House District 69


Michael Curcio

Family and Personal:
Rep. Curcio is married with three children and is an insurance broker.

He is a member of the Clement Railroad Hotel Museum and City of Dickson BZA.

Council and Boards:
He is vice chair of the House Criminal Justice Committee. He is also a board member for Leadership Middle Tennessee and Middle Tennessee Council of Boy Scouts of America. Finally, he serves on the City of Dickson Downtown Committee.



Rep. Michael Curcio (R): Chair, Criminal Justice Committee, Member: Calendar and Rules Committee, Civil Justice Committee, Civil Justice Subcommittee, and the Criminal Justice Subcommittee.

Chairman Curcio is a bright and gifted young man. As chair of the important Criminal Justice Committee, he wields a lot of power. For the most part, Chairman Curcio uses his position for the greater good. In some cases, however, we take issue with his actions.

Curcio lost additional points by voting for HB703, a bill that will provide a multi-million-dollar state funding grant for a proposed minor league baseball stadium for the Tennessee Smokies, a double-A team which is owned by University of Tennessee President Randy Boyd. Boyd and his wife Jenny are mega-multi-millionaires; why are Tennessee tax-payers financing his baseball enterprise?

Additionally, Tim Rudd, as Chairman of the Elections and Campaign Finance Subcommittee, filed a resolution, HR0023, that authorizes the Speaker of the House of Representatives to appoint a committee to meet with a like committee from the Senate to consider the removal of Ellen Hobbs Lyle from the office of Chancellor of the Twentieth Judicial District by the Tennessee General Assembly acting pursuant to Article VI, Section 6 of the Constitution of Tennessee.

Davidson County Chancellor Ellen Hobbs Lyle ruled that the state’s limits on absentee voting during the pandemic constitute “an unreasonable burden on the fundamental right to vote guaranteed by the Tennessee Constitution.” The judge wrote that any eligible voter could get an absentee ballot to avoid contracting or passing on COVID-19 in the “upcoming elections during the pendency of pandemic circumstances” (TNStar). The fact that all election laws and rulings are under the strict authority of the state legislature seemed to elude Judge Lyle. She had no authority to rule on anything that would alter electoral law.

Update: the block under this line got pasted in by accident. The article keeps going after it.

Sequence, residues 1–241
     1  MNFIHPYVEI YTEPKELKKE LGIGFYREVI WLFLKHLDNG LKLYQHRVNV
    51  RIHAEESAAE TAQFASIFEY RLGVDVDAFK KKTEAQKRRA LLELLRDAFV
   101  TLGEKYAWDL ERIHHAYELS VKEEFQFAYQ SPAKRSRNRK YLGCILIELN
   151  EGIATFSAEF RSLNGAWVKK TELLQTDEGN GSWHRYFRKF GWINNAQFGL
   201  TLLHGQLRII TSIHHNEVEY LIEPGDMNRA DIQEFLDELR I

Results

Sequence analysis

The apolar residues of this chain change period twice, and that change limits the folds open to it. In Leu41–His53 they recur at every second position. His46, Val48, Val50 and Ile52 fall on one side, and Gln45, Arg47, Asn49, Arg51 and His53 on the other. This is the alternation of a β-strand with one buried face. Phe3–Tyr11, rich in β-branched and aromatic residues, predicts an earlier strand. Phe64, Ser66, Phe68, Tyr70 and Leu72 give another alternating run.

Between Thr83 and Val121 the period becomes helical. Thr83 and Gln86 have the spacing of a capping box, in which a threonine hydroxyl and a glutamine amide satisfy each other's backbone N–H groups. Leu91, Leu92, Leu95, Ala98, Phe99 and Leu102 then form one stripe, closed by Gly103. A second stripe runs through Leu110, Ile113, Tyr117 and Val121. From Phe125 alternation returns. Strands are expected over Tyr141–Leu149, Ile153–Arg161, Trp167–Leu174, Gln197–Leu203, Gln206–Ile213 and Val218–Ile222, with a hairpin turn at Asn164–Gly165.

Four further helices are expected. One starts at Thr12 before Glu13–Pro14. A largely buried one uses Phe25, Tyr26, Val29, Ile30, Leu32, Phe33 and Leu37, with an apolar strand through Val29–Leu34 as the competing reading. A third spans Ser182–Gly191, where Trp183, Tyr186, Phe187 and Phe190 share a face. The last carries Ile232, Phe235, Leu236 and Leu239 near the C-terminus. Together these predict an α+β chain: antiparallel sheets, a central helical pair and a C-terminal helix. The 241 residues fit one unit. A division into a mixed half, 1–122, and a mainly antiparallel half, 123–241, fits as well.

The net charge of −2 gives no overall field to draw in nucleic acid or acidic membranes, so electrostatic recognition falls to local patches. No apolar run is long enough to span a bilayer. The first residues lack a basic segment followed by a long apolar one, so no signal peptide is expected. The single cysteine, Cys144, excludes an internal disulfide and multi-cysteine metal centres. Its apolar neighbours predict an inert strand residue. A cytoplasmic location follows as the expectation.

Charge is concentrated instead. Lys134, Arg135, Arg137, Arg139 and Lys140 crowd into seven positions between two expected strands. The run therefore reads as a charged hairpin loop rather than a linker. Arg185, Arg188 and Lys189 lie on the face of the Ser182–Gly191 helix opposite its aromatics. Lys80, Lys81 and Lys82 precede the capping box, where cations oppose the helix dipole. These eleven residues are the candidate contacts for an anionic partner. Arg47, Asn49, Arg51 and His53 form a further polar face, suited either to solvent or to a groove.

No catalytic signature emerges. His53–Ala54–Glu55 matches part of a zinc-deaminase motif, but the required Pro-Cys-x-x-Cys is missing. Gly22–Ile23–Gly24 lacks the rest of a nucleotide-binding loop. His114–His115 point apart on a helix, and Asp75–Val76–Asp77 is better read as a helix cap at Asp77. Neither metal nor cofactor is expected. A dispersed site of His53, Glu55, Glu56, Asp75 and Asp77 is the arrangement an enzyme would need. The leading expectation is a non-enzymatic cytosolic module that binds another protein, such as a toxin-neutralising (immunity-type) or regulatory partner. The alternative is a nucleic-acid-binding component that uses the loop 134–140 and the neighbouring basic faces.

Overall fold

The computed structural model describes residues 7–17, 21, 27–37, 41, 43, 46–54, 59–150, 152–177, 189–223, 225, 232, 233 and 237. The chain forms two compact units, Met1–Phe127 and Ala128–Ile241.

Despite that reality and the fact that Chairman Rudd had 64 co-sponsors for his resolution, Andrew Farmer, Chairman of the Civil Justice subcommittee, in which the resolution was heard, and Chairman Curcio, chair of the Civil Justice full committee, appeared to conspire to politically ambush Rudd and his resolution:

1. Rudd’s main testifying witness was unable to be there because of illness so he began his presentation by asking for a roll (a postponement to a later meeting of the committee).

2 . Chairman Farmer ruled that three testifying witnesses supporting the Judge that were present, some from a considerable distance, would be allowed to testify, and “…we’ll take up your request after that.”

3 . After five minutes of irrelevant testimony (family history, friendship, etc.) from Celeste Herbert, a Knoxville lawyer, Chairman Bruce Griffey asked questions very pertinent to the case.

4. Herbert suggested that damaging comments by Lyle were taken out of context and that the transcripts would underscore that. Griffey posed that the entire General Assembly should get those transcripts and read them. That was ignored by the chair.